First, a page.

Saturday, 11 July 2009

Ocampo to open Waki envelope

From The Standard by Ben Agina, News Editor, 11 July 2009:
Ocampo to open Waki envelope
International Criminal Court Prosecutor Louis Moreno Ocampo will on Monday open the envelope containing the names of key Government officials and prominent businessmen suspected of perpetrating post-election mayhem.

Mr Ocampo has confirmed he will open the envelope and other documents handed over to him by former UN Secretary General Kofi Annan.

Dr Annan gave the documents to Ocampo on Thursday. The former UN chief has had the documents since he received them from Justice Philip Waki in October, last year. Justice Waki chaired the commission that investigated post-election violence.

Ocampo said: "On Monday (tomorrow), I will be back in my office and probably open the envelopes to understand what they say. But I will seal them again."

The news of the opening of the envelope will further heighten the anxiety that has gripped the country.

Up to now, it is only Justice Philip Waki who knows the contents of the envelope he gave Annan when he completed work of the Commission of Inquiry Into Post-Election Violence.

Justice Waki’s mandate was to investigate the facts and circumstances surrounding the violence, the conduct of State security agencies, and to make recommendations on these and other matters.

Speaking in the Democratic Republic of Congo (DRC) on Saturday, Ocampo recalled the visit by a Kenyan delegation to his offices at The Hague, late last month.

"They confirmed the commitment of Kenya to end impunity for the crimes committed during the post-election time, "said Ocampo, in the interview, with The Standard on Sunday stringer, then in the DRC.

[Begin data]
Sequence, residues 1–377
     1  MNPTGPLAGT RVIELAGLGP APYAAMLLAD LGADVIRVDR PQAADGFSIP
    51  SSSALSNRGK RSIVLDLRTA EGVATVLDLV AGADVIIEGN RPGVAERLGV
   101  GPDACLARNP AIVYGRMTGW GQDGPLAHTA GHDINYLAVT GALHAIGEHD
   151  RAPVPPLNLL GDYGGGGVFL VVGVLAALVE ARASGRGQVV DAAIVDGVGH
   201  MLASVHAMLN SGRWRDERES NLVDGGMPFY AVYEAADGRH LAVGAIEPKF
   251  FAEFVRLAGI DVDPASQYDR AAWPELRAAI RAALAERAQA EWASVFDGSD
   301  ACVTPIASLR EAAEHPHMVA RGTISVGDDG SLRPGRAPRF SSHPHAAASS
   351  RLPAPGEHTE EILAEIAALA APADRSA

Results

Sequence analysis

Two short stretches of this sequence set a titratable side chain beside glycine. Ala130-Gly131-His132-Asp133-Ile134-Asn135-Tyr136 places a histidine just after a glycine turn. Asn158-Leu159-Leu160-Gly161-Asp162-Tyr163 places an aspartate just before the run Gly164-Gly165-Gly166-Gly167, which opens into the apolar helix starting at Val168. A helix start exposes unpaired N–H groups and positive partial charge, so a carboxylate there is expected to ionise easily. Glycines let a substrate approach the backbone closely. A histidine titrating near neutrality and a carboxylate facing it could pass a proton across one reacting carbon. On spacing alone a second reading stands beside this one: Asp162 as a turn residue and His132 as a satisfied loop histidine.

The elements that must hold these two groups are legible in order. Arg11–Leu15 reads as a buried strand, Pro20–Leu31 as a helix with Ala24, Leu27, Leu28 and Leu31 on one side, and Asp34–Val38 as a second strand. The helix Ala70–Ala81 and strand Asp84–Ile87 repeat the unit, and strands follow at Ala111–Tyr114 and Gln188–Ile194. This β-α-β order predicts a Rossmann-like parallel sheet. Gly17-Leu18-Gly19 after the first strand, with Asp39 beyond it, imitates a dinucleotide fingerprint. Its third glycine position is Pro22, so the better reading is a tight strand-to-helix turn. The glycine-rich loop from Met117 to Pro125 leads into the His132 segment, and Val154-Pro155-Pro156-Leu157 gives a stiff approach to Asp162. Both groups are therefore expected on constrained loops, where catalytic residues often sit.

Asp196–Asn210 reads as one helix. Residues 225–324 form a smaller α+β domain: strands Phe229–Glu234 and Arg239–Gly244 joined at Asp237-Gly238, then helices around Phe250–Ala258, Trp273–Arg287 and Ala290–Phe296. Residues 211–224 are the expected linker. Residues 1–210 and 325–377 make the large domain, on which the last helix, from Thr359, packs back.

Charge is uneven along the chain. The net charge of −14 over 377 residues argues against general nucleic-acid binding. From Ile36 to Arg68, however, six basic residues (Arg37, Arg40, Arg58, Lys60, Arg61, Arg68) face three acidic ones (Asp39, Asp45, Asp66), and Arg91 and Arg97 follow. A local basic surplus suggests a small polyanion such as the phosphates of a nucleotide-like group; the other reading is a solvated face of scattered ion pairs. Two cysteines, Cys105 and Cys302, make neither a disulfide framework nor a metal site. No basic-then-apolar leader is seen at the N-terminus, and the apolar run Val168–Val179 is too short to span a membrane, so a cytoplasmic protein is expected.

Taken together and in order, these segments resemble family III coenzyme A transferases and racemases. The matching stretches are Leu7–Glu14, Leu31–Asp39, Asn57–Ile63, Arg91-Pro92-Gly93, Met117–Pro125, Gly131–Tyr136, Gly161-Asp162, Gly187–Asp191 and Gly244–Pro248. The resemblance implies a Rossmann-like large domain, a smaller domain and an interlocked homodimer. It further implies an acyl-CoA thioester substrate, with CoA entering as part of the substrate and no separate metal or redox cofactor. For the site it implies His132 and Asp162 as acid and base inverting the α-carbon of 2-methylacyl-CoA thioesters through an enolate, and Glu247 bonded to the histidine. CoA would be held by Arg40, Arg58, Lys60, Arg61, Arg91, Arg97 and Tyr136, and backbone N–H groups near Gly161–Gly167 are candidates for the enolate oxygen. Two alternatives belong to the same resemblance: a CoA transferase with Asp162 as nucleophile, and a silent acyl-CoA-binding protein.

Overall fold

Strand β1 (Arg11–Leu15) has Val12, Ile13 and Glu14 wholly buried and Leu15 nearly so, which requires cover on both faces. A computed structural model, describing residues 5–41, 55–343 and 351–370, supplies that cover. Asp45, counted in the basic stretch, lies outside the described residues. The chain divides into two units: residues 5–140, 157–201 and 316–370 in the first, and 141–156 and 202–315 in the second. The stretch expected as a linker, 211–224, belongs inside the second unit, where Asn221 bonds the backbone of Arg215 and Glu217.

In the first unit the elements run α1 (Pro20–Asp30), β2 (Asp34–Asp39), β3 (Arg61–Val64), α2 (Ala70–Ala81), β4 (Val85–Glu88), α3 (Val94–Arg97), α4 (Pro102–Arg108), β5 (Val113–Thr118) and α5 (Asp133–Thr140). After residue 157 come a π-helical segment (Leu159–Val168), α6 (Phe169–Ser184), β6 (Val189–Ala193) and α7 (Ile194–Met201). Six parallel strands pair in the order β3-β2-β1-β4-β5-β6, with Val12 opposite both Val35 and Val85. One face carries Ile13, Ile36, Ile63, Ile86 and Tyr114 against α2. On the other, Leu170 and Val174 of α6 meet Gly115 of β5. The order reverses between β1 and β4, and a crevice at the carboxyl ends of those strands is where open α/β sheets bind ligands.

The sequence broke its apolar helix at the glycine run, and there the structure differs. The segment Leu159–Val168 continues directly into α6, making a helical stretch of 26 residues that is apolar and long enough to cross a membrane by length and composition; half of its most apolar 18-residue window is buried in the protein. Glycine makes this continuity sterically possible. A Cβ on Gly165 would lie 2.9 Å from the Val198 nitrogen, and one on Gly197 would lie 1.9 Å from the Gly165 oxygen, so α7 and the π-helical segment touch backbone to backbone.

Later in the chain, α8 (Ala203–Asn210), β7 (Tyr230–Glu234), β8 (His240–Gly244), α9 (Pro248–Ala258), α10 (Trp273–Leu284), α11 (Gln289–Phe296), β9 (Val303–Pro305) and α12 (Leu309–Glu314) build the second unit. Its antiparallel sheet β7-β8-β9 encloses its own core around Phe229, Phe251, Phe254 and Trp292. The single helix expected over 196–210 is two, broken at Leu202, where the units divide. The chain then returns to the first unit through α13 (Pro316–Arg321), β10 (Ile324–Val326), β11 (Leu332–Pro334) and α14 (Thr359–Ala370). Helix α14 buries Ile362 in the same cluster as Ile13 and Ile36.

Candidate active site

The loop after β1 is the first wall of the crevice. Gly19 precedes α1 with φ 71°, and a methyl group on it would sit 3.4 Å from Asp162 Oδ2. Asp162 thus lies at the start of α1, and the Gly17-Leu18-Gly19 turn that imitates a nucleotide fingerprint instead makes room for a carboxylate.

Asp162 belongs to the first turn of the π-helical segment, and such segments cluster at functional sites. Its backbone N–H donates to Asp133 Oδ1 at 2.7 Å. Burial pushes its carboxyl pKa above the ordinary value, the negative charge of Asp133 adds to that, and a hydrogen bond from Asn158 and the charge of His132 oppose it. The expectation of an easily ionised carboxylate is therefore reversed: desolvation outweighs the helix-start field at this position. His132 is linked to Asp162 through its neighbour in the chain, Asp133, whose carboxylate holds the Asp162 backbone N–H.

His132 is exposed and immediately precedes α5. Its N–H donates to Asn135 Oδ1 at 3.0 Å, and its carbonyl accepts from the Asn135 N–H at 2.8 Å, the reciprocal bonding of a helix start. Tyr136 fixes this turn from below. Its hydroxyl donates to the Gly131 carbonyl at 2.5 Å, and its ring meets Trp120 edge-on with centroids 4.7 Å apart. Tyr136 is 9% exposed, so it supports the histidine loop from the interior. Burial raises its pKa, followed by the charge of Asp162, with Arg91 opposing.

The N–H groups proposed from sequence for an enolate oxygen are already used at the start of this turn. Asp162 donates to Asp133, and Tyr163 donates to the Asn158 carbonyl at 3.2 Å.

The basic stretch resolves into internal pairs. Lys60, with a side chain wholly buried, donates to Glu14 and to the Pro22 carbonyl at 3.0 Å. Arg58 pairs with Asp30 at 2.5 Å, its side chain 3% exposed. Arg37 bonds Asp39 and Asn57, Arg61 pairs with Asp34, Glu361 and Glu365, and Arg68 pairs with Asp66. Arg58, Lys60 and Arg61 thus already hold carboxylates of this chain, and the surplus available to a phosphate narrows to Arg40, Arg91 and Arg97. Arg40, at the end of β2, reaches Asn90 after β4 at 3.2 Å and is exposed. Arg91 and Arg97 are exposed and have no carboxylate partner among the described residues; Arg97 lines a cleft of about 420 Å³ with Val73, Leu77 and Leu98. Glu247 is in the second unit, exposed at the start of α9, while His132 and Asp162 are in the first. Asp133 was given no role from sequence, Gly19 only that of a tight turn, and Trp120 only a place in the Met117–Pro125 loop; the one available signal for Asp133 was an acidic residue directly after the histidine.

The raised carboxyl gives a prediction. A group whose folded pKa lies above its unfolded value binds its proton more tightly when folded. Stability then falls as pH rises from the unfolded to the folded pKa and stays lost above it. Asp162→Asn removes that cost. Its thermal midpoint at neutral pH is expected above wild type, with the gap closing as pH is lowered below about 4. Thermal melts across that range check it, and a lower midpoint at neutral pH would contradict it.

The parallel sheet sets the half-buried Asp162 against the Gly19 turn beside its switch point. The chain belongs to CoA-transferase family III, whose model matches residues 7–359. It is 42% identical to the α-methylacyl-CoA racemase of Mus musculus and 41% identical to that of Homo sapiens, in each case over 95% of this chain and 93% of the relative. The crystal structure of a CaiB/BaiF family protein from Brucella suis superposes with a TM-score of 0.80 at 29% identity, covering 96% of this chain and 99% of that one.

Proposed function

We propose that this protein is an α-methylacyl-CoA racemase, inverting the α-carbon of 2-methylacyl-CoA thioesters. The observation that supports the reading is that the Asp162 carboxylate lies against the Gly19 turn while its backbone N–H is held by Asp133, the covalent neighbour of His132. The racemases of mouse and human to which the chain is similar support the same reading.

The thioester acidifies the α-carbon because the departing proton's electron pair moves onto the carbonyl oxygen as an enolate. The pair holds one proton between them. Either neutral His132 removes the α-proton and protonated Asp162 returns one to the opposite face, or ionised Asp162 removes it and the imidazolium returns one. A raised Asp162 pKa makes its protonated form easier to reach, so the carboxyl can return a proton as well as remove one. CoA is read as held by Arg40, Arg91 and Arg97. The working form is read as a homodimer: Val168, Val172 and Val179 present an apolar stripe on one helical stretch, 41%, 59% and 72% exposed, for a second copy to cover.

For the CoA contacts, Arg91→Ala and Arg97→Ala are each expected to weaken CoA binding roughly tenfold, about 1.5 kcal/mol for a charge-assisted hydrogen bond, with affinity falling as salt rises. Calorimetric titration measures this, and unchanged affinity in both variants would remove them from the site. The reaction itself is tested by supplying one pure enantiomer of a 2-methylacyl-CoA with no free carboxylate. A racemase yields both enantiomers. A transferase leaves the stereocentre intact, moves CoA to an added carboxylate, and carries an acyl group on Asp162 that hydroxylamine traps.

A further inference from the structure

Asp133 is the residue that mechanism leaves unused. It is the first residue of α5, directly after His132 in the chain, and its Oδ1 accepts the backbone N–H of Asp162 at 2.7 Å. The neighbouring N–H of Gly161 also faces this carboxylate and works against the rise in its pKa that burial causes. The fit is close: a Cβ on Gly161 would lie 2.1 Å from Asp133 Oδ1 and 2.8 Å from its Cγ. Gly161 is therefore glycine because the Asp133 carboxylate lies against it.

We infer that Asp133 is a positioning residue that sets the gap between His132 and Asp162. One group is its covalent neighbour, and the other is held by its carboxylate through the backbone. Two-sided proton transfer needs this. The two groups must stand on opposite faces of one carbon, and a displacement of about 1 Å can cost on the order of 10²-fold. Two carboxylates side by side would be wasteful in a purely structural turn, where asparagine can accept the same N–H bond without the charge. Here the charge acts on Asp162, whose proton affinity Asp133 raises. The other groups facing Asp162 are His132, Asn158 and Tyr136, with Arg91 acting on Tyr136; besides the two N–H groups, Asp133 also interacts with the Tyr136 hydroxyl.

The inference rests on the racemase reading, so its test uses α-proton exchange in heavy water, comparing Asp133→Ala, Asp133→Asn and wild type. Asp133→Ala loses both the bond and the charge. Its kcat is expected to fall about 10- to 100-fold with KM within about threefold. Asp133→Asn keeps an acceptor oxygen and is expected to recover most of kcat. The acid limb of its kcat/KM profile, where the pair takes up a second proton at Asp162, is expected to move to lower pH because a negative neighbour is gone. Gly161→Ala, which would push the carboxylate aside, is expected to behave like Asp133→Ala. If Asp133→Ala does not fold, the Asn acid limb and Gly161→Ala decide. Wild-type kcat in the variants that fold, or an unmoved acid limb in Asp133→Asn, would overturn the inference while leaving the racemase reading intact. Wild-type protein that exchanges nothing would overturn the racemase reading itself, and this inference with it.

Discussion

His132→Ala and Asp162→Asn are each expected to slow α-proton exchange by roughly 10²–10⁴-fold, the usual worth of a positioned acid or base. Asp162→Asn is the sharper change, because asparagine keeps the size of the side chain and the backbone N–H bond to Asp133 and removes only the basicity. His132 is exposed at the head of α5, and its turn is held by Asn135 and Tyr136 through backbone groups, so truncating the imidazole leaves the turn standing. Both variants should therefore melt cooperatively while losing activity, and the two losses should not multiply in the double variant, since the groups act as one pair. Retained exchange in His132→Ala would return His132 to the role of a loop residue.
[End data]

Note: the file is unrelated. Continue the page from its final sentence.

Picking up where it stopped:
He said the delegation comprising Justice Minister Mutula Kilonzo, Attorney General Amos Wako, and Lands Minister James Orengo, informed him the Government plans to establish a local tribunal to try the suspects.

But Ocampo said, they also told him Parliament had a different position and wants suspects of post-election chaos referred to the International Criminal Court.

Post-election violence

"In the meantime, they commit themselves to provide all the information they have, on the allegations and crimes committed," said Ocampo.

It was after this, Ocampo disclosed, that Annan called him, saying: "Hey, look. I also have to give you the information I have. And he handed over boxes with documents and an envelope with names of persons under suspicion that the Waki commission considered we have to investigate."

While handing over the envelope to Ocampo, Annan "welcomed the Government’s renewed efforts to implement the recommendations of the Waki Commission and to establish a special tribunal".